Further, a waiver of sovereign immunity "`cannot be implied but
must be unequivocally expressed.'" Id. (quoting United States
v. King, 395 U.S. 1, 4, 89 S.Ct. 1501, 1503, 23 L.Ed.2d 52
(1969) (additional citation omitted)).
Although it is almost impossible to determine from
plaintiff's papers the causes of action he is attempting to
raise, it is evident that the United States has not waived its
immunity from suit in any manner contemplated by plaintiff.
Even the Federal Tort Claims Act, 28 U.S.C. § 2671 et seq.,
which allows a plaintiff to file a tort action against a
federal official, specifically exempts actions involving the
"assessment or collection" of taxes. 28 U.S.C. § 2680(c).
Likewise, the Tax Anti-Injunction Act, 26 U.S.C. § 7421(a),
prohibits the injunctive relief that plaintiff seeks. See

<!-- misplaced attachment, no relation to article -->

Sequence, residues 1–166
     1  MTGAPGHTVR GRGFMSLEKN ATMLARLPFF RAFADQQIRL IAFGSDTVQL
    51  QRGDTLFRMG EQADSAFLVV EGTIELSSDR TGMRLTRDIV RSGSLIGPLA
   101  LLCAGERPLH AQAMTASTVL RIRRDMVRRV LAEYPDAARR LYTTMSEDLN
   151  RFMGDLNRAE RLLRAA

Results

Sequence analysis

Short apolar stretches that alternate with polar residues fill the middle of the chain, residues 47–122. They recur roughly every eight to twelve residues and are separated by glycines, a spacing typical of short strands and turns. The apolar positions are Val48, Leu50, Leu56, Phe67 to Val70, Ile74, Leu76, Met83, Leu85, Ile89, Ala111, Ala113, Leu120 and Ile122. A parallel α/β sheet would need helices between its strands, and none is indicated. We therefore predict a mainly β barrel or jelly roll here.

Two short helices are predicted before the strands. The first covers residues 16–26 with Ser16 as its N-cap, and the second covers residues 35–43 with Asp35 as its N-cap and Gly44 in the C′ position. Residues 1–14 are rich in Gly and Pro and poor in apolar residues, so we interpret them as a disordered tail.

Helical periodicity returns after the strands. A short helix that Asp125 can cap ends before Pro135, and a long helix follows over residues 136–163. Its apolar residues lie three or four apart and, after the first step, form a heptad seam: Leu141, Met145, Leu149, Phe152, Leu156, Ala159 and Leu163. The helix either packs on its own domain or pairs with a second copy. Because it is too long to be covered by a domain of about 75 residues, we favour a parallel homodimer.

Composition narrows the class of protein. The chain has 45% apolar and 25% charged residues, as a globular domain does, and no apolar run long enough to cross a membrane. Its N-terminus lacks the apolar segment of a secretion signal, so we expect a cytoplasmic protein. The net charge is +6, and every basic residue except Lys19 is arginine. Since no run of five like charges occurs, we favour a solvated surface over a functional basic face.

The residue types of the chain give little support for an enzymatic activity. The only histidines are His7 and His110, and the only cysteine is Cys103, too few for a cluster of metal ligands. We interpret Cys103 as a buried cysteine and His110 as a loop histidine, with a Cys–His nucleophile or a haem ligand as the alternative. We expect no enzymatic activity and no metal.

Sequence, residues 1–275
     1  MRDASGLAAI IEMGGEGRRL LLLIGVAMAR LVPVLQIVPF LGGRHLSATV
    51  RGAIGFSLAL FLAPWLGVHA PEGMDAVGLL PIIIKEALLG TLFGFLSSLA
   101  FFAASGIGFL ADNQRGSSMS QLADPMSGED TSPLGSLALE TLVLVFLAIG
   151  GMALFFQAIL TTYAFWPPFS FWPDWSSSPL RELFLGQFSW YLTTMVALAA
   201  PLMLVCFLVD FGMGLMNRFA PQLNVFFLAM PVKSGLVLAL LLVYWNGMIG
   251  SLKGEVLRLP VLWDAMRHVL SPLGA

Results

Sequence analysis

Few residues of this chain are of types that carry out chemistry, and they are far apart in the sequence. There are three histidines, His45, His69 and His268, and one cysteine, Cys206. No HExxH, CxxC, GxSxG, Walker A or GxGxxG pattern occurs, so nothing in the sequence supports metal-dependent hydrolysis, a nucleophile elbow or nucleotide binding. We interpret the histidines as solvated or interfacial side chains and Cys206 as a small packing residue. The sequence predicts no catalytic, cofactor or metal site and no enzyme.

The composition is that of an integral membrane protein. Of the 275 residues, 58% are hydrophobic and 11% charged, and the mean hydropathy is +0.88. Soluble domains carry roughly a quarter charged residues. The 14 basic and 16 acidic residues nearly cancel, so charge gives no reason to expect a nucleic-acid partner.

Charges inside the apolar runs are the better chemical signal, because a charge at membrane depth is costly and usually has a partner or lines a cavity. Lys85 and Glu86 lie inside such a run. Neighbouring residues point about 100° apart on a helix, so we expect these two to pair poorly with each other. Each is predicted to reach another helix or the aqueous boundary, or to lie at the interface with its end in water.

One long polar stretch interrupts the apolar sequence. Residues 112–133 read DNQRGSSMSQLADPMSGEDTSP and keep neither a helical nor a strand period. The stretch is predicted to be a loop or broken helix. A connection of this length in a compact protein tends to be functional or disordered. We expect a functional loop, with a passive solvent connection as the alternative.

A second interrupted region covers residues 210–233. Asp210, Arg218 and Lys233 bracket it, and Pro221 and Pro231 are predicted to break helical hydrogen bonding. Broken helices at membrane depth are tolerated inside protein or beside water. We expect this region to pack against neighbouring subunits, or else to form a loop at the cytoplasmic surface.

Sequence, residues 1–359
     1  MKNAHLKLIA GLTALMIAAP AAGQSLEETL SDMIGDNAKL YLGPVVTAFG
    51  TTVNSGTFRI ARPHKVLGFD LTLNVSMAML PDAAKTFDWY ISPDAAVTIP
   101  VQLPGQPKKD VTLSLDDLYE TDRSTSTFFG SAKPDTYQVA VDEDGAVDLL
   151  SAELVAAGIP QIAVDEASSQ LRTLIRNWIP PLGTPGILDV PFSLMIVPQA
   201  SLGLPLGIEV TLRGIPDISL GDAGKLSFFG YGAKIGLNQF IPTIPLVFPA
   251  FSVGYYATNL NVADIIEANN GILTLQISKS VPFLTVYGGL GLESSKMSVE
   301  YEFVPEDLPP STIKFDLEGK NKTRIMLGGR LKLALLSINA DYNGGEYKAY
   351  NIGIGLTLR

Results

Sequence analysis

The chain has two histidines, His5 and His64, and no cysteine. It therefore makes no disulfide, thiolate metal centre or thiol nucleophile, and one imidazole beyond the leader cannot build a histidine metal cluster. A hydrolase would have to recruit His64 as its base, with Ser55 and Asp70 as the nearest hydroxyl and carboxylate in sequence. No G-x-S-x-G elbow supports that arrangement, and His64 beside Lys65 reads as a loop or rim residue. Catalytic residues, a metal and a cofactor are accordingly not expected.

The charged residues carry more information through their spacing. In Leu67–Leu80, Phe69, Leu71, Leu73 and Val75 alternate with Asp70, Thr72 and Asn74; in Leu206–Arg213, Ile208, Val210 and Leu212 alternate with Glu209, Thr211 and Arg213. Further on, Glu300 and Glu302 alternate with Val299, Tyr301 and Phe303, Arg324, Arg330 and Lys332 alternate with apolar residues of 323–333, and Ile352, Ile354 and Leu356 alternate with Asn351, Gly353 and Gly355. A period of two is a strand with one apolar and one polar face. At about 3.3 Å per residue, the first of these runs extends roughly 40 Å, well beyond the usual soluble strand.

Frasier, 607 F. Supp. at 323 n. 6 (citation omitted) (pointing
out that injunctive relief is available for restraining the
assessment or collection of taxes only "where the plaintiff
establishes equity jurisdiction and demonstrates that under no
circumstances could the United States prevail.").
Plaintiff seemingly asserts that defendant violated his
civil rights under 42 U.S.C. § 1983, 1985, and 1986 by filing
a Notice of Levy on Prudential on April 23, 1987. All of these
claims are barred on statute of limitations grounds. Plaintiff
commenced this action on May 11, 1990. Defendant had contacted
plaintiff and attempted to collect the unpaid taxes prior to